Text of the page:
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Cape Wind farm – No offshore drilling, but offshore wind farming

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The US is used to being a leader in implementing new technology, not in alternate energy. Because of our addiction to oil, and the influence of oil companies on politicians, the US is way behind. Even inventions made in this country are implemented in other countries. The Obama administration has finally made a significant decision related to wind energy that will finally put America among the countries that produce wind energy offshore. Interior Secretary Ken Salazar approved the nation's first offshore wind farm, known as Cape Wind, located 5 miles off Massachusetts coast.

This project has been under consideration since 2001. As we waited, China and other countries, Belgium, Denmark, Finland, Germany, Ireland, the Netherlands, Norway, Sweden and the United Kingdom built their offshore wind farms. The world’s largest wind farm recently opened in UK with 100 turbines. It is capable of producing electricity for 200,000 homes. Wind farms produce roughly 2% of America’s energy, all from land-based facilities. Offshore locations are considered optimal because winds are stronger and more consistent. If the goal of ‘20 Percent Wind Energy by 2030’ is to be achieved, around 18% of the nation's wind energy should come from offshore sites. There are 16 offshore wind farms under construction in the Europe. The US has none, yet.

If you think a project like this which creates jobs and produces clean energy by the private sector will get support from everyone, you are wrong. Former Massachusetts Governor and Republican Presidential hopeful, Mitt Romney, and Republican Senator Scott Brown oppose the project. They are all for offshore drilling but when it comes to offshore wind farming they are worried that the proposed location, between the main island of Cape and Martha’s Vineyard, for the wind farm is a national treasure and should be left undisturbed.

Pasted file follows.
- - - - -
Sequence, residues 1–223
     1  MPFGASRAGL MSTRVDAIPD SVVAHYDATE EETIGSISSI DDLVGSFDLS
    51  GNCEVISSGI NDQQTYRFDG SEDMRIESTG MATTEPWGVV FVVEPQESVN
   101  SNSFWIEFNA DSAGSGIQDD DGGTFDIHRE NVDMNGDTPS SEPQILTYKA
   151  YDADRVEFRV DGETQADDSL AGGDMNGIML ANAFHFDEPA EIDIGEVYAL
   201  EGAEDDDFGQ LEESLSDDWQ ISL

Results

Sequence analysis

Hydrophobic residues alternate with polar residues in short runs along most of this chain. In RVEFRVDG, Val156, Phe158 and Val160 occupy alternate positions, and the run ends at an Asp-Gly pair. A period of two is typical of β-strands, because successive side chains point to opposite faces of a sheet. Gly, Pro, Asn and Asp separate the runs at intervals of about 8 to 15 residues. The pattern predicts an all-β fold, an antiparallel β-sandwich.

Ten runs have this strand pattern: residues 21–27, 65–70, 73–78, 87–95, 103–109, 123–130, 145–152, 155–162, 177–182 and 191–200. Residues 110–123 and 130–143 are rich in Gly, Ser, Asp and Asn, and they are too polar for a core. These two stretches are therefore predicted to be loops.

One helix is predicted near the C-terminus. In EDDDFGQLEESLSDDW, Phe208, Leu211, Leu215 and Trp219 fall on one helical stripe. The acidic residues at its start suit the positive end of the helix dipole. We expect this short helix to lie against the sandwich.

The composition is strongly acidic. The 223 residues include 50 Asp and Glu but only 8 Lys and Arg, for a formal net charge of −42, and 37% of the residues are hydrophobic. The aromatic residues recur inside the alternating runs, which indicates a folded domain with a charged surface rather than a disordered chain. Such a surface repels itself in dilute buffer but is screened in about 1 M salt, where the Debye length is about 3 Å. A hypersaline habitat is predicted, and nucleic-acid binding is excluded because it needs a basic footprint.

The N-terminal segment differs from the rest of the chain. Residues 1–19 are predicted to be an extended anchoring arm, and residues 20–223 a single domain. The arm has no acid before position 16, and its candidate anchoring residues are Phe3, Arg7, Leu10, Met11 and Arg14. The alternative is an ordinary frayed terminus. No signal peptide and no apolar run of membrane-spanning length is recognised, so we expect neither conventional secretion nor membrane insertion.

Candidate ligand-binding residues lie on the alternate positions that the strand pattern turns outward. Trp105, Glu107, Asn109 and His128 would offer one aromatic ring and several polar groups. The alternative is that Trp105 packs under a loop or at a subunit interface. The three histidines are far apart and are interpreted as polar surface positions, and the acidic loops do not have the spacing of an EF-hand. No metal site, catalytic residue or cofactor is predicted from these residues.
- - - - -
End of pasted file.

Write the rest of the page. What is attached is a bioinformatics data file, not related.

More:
Cape Wind farm, when completed, will have 130 turbines producing 420 megawatt and will supply about 75% of the power needed by the Cape and the islands of Martha's Vineyard and Nantucket. It is a project that moves the US in the right direction. It is a small but a significant step by President Obama and his administration.

Comments

  • Anonymous 3 years ago

    I thought I was reading an article from late April 2010 before I looked at the date at the top again. Same old wind energy rhetoric being trotted out that was trotted out 5 months ago. Make people believe we are behind the rest of the world and act like that is a bad thing. Off-shore wind is ridiculously expensive and is the reason why we haven't moved forward like in Europe which already pay drastically higher electricity rates than we do here in the U.S. Staying "behind" these countries keeps our electricity rates lower. Nothing wrong with that.

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